By: Nicole D’Andria
The KITH + KIN anthology features 10 stories, each drawn by different artists, that’s a mishmash of Frankenstein and Big Fish! Hear all about the monsters that lurk inside us all from writers Brittany Matter (Marvel.com) and Heather Ayres (IMAGE+) and their GoFundMe campaign.
One of the stories, SPITTING IMAGE, is already completed with artist Sally Cantirino taking up the art duties. The editing process has also started and includes me and David Brothers.
Matter and Ayres will be using the proceeds from GoFundMe (and an upcoming Kickstarter in March) to hire collaborators to help design the cover and logo, to edit the scripts, cover additional marketing costs and the upfront costs of self-publishing KITH + KIN. Check out their GoFundMe campaign here.
Without further ado, here is an in-depth interview about the anthology process and KITH + KIN from Heather Ayres and Brittany Matter!
Me: How did the idea for the anthology initially come about?
Heather Ayres: Brittany and I have been editing one another’s work for years. Us working on writing a project together seemed like a no brainer and honestly, way overdue. The thing that really spurred us to do something on our own was getting rejected from yet another anthology, I think it was?
Brittany Matter: So many rejections, I can’t keep track anymore! Afterward, feeling motivated to keep moving forward, we brainstormed how to share our emotionally-driven tales with the world. While we discussed a bunch of different themes, the one we kept going back to surrounded the complicated nature of family relationships—whether they be blood bonds or chosen ones.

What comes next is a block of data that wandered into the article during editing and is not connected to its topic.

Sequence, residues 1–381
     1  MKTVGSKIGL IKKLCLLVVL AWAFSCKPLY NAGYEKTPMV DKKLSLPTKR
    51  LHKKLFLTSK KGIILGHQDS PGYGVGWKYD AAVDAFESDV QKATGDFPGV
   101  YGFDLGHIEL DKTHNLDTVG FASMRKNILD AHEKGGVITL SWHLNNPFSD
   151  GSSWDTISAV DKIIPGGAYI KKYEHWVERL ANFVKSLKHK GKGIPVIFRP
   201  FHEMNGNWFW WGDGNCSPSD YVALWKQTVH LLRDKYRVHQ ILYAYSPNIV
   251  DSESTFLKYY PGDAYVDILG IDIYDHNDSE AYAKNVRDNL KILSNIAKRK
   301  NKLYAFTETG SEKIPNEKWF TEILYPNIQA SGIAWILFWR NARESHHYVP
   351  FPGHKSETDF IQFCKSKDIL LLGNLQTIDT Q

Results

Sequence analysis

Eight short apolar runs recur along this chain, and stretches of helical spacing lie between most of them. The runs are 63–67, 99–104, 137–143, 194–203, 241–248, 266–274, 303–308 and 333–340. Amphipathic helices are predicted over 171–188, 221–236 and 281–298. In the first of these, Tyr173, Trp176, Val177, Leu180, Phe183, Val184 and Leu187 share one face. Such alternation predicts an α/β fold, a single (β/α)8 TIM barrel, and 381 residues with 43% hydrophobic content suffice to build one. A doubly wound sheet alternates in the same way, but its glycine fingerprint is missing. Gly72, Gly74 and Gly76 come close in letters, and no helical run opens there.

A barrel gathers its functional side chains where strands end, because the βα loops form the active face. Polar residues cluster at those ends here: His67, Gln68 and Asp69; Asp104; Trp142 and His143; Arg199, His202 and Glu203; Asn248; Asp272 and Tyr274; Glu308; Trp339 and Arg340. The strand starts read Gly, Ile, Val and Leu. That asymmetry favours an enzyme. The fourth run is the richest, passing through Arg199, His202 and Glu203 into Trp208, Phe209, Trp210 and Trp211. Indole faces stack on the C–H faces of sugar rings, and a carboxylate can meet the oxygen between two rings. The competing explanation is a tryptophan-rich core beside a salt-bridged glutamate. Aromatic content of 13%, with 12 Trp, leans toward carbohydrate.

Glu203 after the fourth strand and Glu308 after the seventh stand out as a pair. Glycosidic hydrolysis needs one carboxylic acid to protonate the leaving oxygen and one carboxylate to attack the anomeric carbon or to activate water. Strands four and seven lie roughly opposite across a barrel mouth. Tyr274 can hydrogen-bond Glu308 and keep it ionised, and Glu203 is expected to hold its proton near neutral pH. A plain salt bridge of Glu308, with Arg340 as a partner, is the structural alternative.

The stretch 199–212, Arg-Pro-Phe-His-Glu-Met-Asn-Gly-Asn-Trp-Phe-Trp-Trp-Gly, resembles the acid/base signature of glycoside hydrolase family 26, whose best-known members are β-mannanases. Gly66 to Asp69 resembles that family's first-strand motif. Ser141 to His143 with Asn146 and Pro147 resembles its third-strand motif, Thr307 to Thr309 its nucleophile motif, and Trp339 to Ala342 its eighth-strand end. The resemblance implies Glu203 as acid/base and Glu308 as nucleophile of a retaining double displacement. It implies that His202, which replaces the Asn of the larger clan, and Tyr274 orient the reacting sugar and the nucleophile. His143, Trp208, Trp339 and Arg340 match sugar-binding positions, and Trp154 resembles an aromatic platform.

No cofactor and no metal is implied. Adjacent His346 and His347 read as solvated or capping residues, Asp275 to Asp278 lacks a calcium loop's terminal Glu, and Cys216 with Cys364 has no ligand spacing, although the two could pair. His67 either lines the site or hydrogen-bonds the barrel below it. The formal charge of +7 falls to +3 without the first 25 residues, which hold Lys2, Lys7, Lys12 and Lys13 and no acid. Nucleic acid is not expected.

Me: When describing Kith + Kin, why did you feel Frankenstein and Big Fish were the best works to compare the anthology to?
HA: Mary Shelley’s Frankenstein is one of my all-time favorite books. More than the monster horror, I had been drawn to the rejection that happens over and over again within the Frankenstein family. The deep-rooted examination of family in Frankenstein seemed akin to the theme of how monsters show themselves within our own families.
BM: When Heather mentioned Frankenstein as a comparison, I think I yelled, “YES!” in response. As for Big Fish, its fringe theme of regret that accompanies the notion of family members divided related well to our concept. Its messages about life, from growing up and leaving home to forgiveness and facing loss, spoke to the more universal human experiences within KITH + KIN.
Me: As you are both writers on the anthology, what did the collaboration process look like between the two of you?
HA: I think we were really lucky to already have a rapport as editors for one another. We took a hybrid approach going back and forth between writing scripts individually and live scripting over FaceTime.
BM: We dove right in! The hybrid method allowed us to get a lot done in a short amount of time. I would say that it looked like an organized mix of planning, sometimes throwing out the plan as the stories evolved, and encouraging each other to do right by the characters.
Me: What methods did you use to find your artists for the project?
HA: We predominantly used Twitter, which I mean, how could you not? We also took a deep dive into Milkfed’s #VisibleWomen hashtag and spreadsheet. We came at the whole process with the mind that we wanted to work with a diverse group of people so that our stories felt real for as many people as possible.
BM: Other go-to hashtags that we used on Twitter included #PortfolioDay, #DrawingWhileBlack, and #LatinxsCreate. When it came to searching for interior artists, we also looked for sequential art in people’s portfolios. We also found Creator Resource’s Creator Databases immensely helpful—it contains links to Cartoonists of Colour and Queer Cartoonists Databases, both maintained by MariNaomi. Piggy-backing off of what Heather said, we used all these resources to purposefully seek out diverse voices to reflect the reality around us.
Me: What inspirational words do you have for aspiring comic book writers?
HA: Don’t give up! Your favorite writers have been rejected more times than they can count and most of them didn’t even start out as writers. There is no one path to being a writer. Keep writing, keep building connections, but most important of all–keep living your life. Those experiences you have with other people will inform your writing and make it all the more rich and relatable.